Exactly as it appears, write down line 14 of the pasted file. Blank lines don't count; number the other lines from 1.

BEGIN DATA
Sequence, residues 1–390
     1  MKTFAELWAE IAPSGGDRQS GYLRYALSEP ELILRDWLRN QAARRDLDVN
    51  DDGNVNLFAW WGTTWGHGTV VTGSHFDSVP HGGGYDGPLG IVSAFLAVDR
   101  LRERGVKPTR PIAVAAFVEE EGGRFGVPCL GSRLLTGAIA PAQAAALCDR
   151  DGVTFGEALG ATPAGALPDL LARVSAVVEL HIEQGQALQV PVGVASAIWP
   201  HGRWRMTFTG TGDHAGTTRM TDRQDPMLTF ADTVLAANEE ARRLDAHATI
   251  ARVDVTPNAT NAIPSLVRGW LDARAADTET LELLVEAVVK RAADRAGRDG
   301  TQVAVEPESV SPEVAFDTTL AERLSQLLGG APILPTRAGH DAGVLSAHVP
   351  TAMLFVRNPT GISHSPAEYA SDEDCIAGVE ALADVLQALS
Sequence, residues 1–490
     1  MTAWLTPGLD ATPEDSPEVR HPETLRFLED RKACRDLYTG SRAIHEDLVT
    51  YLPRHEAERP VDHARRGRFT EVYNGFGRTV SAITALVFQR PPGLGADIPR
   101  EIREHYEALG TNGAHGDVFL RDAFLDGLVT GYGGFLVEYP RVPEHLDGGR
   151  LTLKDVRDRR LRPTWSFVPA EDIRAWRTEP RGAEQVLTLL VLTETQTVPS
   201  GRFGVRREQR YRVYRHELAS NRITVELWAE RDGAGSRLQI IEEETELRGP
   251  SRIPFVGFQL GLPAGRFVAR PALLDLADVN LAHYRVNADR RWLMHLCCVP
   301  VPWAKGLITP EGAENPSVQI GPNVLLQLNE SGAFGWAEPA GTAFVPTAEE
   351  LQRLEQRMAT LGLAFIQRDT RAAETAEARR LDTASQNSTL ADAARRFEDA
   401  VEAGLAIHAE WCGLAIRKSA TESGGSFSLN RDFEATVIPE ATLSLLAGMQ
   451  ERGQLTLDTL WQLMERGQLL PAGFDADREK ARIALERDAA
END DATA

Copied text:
   151  LTLKDVRDRR LRPTWSFVPA EDIRAWRTEP RGAEQVLTLL VLTETQTVPS